“The way of the transgressor is hard” (Proverbs 13:15)
What started this was a note from a fellow who took issue with something I said about the church. He had no use for the church, he said. Every church he’d ever attended preached a shallow message, the sermons were mind-numbingly boring, and the people were dull and listless. After venting, he wondered if I’d be interested in some essays he’d written about the church. I declined.
In our exchange, I said, “Could I tell you something that happened to me? IEven though I’ve been preaching for over half a century, at least twice during that time, I have gotten out of fellowship with the Lord. What we call “backsliding.”
And when that happened, I noticed something surprising. I became negative about my fellow church members and critical of the other ministers. Then, when I humbled myself and repented, I saw them in a new light and found myself loving them. That was a fascinating thing to learn.
This was as gentle a way as I could find to tell the man that my money is on his being in rebellion against God. In his backslidden state, he is down on the Lord’s people.
Backsliding. Interesting term, isn’t it? It says what it is, and needs little explanation.
You’re saved, you love the Lord, you’re doing well, and then you fall into sin one way or the other. Perhaps you slipped or you plunged headfirst, knowing full well what you were doing.
Now, look at you. God seems so far away, and the closeness you once had with Him a distant memory.
You remember with longing when you felt so close to the Lord, so clean and pure, and so happy in Him. You delighted in reading His word and perhaps in teaching it. You loved gathering with the Lord’s people and singing the hymns and praying together.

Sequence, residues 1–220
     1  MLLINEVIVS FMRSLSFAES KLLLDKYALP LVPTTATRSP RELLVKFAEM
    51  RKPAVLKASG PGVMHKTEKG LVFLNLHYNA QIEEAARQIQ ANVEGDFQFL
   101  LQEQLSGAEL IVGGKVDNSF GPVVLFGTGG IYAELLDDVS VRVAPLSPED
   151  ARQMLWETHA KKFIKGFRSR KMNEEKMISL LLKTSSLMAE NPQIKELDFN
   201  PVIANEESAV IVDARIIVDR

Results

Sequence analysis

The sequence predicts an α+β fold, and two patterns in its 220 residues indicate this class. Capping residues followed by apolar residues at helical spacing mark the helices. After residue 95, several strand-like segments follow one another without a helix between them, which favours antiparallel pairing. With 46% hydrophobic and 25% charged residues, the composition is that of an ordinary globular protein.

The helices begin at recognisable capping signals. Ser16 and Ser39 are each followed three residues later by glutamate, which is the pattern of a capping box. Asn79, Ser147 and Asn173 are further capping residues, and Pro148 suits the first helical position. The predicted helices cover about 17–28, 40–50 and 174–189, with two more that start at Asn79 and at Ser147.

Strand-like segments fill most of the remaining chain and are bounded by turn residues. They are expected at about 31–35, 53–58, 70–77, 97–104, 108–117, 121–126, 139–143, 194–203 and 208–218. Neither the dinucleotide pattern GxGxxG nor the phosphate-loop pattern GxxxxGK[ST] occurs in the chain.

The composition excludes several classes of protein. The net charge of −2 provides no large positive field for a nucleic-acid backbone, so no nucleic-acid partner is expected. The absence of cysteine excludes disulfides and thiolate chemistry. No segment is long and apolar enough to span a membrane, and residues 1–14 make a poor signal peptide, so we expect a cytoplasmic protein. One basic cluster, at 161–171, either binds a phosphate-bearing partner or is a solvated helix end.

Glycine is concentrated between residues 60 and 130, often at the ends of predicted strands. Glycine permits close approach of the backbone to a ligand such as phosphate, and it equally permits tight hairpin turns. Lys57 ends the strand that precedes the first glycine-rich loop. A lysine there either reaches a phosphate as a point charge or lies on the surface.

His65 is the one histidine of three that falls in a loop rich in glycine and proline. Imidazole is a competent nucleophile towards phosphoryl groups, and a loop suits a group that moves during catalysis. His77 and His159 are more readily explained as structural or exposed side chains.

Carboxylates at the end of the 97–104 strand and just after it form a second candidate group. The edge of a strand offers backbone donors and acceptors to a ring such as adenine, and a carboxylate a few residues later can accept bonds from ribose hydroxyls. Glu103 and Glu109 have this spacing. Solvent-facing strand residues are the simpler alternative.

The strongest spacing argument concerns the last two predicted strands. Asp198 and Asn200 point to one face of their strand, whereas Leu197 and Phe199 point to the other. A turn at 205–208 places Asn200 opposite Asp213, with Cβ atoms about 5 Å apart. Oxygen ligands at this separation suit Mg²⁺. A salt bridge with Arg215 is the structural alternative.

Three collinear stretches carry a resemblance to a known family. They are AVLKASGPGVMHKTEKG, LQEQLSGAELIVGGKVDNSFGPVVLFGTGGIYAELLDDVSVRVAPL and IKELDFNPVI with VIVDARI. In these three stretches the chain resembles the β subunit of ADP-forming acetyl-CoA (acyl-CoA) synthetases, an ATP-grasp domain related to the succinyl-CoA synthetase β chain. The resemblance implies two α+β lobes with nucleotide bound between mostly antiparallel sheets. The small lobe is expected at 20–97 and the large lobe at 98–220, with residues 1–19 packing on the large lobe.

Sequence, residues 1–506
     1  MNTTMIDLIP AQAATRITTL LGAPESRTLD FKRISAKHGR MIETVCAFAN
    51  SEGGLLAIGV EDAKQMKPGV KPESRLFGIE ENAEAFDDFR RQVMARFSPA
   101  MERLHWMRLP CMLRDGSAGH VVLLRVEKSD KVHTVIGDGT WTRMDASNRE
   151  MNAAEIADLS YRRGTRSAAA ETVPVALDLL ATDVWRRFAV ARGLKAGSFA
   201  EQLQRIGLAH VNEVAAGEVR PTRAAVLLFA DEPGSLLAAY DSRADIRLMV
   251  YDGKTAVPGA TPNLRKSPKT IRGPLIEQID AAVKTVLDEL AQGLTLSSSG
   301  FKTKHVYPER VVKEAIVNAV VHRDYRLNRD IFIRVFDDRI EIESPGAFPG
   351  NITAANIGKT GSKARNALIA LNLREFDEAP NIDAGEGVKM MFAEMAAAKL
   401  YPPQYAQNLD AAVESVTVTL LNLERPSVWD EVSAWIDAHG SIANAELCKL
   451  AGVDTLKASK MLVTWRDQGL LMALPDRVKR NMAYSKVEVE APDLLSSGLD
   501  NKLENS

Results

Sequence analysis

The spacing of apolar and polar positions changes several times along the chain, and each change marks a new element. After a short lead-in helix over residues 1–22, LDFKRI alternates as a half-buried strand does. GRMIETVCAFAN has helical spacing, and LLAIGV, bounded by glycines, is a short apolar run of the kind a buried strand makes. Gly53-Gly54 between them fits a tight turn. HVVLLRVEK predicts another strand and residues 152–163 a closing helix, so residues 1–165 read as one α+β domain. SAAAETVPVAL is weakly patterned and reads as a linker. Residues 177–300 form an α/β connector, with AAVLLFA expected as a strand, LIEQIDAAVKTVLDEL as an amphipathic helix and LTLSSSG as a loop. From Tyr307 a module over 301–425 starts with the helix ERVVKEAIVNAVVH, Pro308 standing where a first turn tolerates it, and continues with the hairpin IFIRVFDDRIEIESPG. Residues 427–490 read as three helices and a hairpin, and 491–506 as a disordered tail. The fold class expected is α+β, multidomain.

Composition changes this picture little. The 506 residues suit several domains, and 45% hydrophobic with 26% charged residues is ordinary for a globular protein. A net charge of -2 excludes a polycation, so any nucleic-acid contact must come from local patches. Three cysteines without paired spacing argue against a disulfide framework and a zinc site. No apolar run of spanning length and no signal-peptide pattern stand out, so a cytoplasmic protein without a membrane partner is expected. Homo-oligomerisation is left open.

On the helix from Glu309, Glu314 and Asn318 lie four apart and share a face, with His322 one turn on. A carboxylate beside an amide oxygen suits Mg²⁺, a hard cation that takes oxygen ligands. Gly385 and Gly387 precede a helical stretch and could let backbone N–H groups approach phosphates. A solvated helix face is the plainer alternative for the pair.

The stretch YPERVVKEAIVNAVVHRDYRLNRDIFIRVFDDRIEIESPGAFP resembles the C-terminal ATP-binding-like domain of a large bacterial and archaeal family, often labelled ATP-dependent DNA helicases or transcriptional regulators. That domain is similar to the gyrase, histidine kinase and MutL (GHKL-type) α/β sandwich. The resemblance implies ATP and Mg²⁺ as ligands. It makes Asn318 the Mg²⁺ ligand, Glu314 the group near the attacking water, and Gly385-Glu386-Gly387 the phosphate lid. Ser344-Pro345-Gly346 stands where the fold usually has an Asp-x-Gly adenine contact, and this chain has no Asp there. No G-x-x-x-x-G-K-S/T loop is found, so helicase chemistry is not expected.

But not now.
You are miserable. You put up a false front and act like all is well. But something in your heart has died. The light has gone out.
What’s wrong? You have fallen into sin. The joy has disappeared, replaced by guilt and anger.
A backslidden state is a miserable place to visit but not a very nice place to live.
When this happens, a hundred things take place in your life. None of them good. Here’s my short list of the bad things that occur when we are backslidden….
1) The rebel is holding Jesus in contempt.
The Lord takes your rejecting Him personally. Your turning to sin is an insult.
When Israel fell away in Old Testament days, the Lord sounding like a spurned lover, said, “What fault did you find in me? What did the idols offer which I cannot give?” (cf.Jeremiah 2:5)
When David sinned with Bathsheba and tried to cover it up by having her husband killed in battle, he drew further and further away from God. Eventually, the Lord sent the Prophet Nathan to confront him. God said, “Why have you despised the commandment of the Lord? You have despised me!” (2 Samuel 12:9-10) The Lord said, “I’ve given you everything! And if that was not enough, I would have given you even more!” (12:8)
2) The rebel loses his love for Jesus.
The Lord Jesus means less and less to me as I drift away into sin.
“I have something against you,” said the ascended Lord to the church at Ephesus. “You have lost your first love.” (Revelation 2:4).
3) The rebel’s enjoyment in Bible reading evaporates.
In my rebellious state, I have to make myself open the Word. Reading it becomes a chore.
One of the most striking things about the Psalms is how frequently they praise the Lord’s word and in what glowing terms. “Better than gold” and “sweeter than honey!” (Psalm 19:10) More to be desired than wine. On and on. Psalm 119 gives us 176 statements of praise to God for His word. But only the faithful can say, “Amen.” Those in rebellion move quickly past those passages if they read them at all.
One evidence you love the Lord is an appreciation for His word. You love to read it and meditate upon it (see Psalm 1:2). When we backslide, reading Scripture is so painful we stop it altogether.
4) Prayer is uphill, difficult, and increasingly rare for the rebel.
Distancing ourselves from the Lord makes prayer all the harder. And less meaningful. The prophet told Israel, “Your iniquities have built barriers between you and God…and He does not hear you” (Isaiah 59:1-2).
In his rebellion against God, King Saul sought out a witch to consult. He said, “God has departed from me and does not answer me any more…” (I Samuel 28:15). In the absence of prayer, we resort to every imaginable substitute, from witches to horoscopes to Tarot readers to gurus, and from fake preachers to holy hunches. It’s a sad sight to see a backslidden believer trying to find his way without God.